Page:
John Murray, Scottish , 1809-1898: The Taj Mahal from the Gateway, 1864, triptych panorama
The National Gallery of Art does it again. In this first exhibition to explore British photography in the 1840s and 1850s – when photographs made from paper negatives (calotypes) flourished, more than 110 photographs are on display for the first time. As SDC said after we walked out from the exhibit, “Can you imagine them organizing an exhibit on Epson prints 100 years from now?” The prints were wonderfully expressive, and imperfect. Even more impressive were that all of the prints were made as contact prints, which means that these photographers were lugging around 500 pounds of equipment sometimes. Of course, most of these photographers were “gentleman-amateurs” who were capable of hiring a retinue to assist them, but still they could have been sitting at home sucking down treacle.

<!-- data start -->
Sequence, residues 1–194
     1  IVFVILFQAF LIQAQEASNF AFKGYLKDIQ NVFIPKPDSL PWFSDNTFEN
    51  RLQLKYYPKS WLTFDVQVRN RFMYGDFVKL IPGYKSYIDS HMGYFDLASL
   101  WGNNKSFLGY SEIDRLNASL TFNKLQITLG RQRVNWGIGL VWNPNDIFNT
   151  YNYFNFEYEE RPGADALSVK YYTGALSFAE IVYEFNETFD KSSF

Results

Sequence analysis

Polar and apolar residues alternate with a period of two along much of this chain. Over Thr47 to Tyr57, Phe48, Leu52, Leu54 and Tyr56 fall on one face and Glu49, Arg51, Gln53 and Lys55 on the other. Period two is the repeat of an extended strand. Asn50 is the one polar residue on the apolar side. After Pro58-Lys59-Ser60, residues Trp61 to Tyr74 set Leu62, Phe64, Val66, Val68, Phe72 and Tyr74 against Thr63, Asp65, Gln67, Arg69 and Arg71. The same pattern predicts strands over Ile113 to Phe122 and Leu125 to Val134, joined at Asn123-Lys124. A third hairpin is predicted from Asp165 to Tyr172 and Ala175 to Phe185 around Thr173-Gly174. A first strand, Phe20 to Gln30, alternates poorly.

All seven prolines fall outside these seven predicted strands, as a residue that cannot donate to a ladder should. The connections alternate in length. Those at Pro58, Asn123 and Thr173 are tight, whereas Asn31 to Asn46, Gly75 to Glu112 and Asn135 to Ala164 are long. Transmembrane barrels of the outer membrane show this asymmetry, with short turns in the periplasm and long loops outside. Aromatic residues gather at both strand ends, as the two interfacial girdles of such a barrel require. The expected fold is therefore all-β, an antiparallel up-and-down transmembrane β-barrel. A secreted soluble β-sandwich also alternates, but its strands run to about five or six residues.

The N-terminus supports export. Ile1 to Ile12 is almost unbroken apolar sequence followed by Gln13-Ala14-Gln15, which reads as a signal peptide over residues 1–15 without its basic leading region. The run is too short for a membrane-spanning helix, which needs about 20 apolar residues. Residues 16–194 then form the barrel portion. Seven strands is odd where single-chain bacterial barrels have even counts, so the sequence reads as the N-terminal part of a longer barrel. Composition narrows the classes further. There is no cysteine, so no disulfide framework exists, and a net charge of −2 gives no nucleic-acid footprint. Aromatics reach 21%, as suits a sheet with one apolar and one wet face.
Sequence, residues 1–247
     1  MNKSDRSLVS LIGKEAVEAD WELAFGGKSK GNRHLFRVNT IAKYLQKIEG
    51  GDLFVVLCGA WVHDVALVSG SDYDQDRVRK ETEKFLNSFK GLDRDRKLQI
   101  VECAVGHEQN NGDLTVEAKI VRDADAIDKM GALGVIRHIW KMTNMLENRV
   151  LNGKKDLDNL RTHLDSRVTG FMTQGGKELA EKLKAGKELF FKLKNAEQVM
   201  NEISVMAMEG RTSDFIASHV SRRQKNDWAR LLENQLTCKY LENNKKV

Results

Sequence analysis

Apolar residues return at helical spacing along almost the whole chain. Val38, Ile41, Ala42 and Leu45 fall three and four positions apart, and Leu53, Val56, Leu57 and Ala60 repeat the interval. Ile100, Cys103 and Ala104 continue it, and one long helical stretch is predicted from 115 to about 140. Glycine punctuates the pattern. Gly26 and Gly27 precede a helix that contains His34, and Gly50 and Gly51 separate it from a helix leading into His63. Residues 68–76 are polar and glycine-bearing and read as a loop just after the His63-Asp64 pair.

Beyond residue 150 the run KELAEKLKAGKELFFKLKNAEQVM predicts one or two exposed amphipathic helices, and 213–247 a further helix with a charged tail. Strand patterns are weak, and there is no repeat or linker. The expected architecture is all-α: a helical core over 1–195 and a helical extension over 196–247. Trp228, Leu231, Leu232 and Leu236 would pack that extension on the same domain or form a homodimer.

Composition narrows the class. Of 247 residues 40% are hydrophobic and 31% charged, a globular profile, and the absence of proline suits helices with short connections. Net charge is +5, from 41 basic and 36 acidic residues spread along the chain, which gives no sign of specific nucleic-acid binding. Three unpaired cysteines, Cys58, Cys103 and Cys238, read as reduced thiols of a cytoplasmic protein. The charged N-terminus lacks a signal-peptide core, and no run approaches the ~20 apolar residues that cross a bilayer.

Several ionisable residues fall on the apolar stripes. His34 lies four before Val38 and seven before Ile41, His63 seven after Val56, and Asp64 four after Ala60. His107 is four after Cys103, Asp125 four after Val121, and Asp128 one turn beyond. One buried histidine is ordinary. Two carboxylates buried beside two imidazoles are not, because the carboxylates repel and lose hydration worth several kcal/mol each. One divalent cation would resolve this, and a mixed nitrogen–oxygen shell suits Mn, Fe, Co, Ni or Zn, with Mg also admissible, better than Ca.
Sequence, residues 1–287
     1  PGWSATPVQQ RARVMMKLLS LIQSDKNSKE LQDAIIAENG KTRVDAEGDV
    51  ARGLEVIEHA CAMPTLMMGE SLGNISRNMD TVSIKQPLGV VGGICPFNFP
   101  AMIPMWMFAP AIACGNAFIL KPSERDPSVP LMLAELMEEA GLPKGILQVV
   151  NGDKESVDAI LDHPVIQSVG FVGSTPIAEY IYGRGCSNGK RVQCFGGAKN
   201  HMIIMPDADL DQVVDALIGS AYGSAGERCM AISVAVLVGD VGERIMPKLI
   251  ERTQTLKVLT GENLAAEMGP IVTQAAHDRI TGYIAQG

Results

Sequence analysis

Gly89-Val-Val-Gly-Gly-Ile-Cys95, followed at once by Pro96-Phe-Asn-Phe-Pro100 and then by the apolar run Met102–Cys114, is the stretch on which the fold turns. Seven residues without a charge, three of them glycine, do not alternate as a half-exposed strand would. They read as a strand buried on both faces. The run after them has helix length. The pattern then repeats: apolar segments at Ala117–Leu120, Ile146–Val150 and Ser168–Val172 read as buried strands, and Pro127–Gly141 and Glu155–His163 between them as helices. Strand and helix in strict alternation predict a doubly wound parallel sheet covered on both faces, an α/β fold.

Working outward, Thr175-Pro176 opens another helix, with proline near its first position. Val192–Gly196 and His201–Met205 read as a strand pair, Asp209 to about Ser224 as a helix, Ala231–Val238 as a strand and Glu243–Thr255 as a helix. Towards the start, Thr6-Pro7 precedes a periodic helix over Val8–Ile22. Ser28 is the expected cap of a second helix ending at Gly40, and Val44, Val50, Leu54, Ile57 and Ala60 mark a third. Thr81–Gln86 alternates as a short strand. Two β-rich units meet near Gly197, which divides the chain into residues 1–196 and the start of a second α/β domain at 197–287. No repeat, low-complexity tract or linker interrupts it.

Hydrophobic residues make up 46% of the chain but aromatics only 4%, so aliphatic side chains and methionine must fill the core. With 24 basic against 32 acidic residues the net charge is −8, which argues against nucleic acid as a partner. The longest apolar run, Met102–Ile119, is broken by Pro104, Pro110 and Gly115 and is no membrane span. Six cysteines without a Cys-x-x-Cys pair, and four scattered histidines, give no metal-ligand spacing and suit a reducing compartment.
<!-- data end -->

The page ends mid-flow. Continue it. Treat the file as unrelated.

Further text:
You can see a sampling of some of the works, and read more about them here.
The men were good at entitling their works too: George Wilson Bridges published a monograph entitled, “The Wayworn Wanderer,” (been there!), while Charles Clifford ‘s work was called, “A Photographic Scramble through Spain,” (nice use of alliteration). My favorite though, is this description:
Laden with equipment, these intrepid travellers crisscrossed Europe photographing whatever caught their eye. They were, according to one eminent Victorian observer, true “Pilgrims of the Sun.”
And that, my friends, is what I want to be when I grow up.